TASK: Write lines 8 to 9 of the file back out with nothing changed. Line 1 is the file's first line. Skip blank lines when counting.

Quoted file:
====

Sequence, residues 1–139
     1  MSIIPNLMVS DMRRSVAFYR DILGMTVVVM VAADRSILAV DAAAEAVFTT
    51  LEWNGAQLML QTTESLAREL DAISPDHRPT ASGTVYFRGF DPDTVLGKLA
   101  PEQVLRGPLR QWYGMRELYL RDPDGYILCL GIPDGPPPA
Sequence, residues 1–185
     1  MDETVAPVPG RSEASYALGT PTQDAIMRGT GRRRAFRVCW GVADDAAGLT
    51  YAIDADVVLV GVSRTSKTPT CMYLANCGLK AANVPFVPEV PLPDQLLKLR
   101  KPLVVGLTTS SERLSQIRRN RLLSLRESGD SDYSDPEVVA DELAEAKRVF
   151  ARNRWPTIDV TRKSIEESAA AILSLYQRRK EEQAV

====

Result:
   101  KPLVVGLTTS SERLSQIRRN RLLSLRESGD SDYSDPEVVA DELAEAKRVF
   151  ARNRWPTIDV TRKSIEESAA AILSLYQRRK EEQAV